I like this. It’s a very ‘slow mission’ way of opposing evil.
A little while, and the wicked will be no more; though you look for them, they will not be found. 11 But the meek will inherit the land and enjoy peace and prosperity.
This (from Rowan Williams, Being Disciples) is one of the most attractive reasons for the mission enterprise that I have read.
Being where Jesus is means being in the company of the people whose company Jesus seeks and keeps. Jesus chooses the company of the excluded, the disreputable, the wretched, the self-hating, the poor, the diseased; so that is where you are going to find yourself …
That is why so many disciples of Jesus across the history of the Christian Church –and indeed now — find themselves in the company of people they would never have imagined being with, had they not been seeking to be where Jesus is: those who have gone to the ends of the earth for the sake of the gospel; those who have found themsevles in the midst of strangers wondering, ‘How did I get here?’ People like Thomas French, a great missionary figure of the nineteenth century who spent much of his [p12] ministry as bishop in the Persian Gulf at a time when the number of Christians in the area was in single figures, and who died alone of fever on a beach in Muscat. What took him there? What else except the desire to be where Jesus was, the sense of Jesus waiting to come to birth, to come to visibility, in those souls whose lives he touched — even though, in the long years he worked in the Middle East he seems to have made no converts. He wasn’t there first to make converts, he was there first because he wanted to be in the company of Jesus Christ — Jesus reaching out to, seeking to be born in, those he worked with and loved so intensely. It’s the apparent failure, and that drama of that failure, so like the ‘failure’ of Jesus abandoned on the cross, that draws me to his story, because it demonstrates what a discipleship looks like that is concerned with being where Jesus is, regardless of the consequences.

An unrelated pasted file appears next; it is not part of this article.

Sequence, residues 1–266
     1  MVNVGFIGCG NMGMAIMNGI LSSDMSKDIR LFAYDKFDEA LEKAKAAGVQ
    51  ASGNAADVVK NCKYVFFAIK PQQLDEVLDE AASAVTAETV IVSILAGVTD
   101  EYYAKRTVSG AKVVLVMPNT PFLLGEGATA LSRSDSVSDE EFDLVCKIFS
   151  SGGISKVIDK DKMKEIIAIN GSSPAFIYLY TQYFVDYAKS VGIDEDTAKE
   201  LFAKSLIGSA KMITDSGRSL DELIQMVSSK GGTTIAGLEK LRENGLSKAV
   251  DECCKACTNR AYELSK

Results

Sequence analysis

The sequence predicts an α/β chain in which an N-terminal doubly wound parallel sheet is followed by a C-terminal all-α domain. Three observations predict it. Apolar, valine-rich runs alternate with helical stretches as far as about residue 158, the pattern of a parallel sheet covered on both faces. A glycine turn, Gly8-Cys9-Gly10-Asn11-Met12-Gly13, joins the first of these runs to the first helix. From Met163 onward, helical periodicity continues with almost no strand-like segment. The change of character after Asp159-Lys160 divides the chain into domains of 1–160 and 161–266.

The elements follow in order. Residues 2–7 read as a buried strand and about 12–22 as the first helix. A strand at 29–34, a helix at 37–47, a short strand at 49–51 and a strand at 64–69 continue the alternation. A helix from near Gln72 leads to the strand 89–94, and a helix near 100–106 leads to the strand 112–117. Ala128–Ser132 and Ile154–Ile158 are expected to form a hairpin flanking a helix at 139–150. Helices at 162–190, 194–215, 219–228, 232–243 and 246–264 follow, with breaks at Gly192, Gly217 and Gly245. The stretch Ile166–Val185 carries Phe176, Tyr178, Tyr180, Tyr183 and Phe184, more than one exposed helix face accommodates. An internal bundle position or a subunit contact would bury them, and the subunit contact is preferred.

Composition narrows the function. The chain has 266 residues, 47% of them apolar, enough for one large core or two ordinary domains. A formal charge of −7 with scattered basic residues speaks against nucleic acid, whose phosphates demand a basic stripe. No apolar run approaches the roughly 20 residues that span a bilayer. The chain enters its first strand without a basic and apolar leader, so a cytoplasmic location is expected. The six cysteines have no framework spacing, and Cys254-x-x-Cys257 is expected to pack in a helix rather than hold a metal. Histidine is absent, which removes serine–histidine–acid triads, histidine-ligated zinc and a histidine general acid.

Sometimes it means a long day sitting in the rain with nothing very much happening.
Am still enjoying Rowan Williams on discipleship. In fact I’ve not got much further than the first chapter. Which is all about discipleship as just hanging around in God’s presence, much like students in the past, or indeed disciples, used to share not just lectures but their whole lives with their teachers.
‘I’ve always loved that image of prayer as birdwatching. You sit very still because something is liable to burst into view, and sometimes of course it means a long day sitting in the rain with nothing very much happening. I suspect that, for most of us, a lot of our experience of prayer is precisely that. But the odd occasions when you do see (p5) what T. S. Eliot (in section IV of “Burnt Norton”) called “the kingfisher’s wing” flashing “light to light” make it all worthwhile … this sort of expectancy … is basic to discipleship.’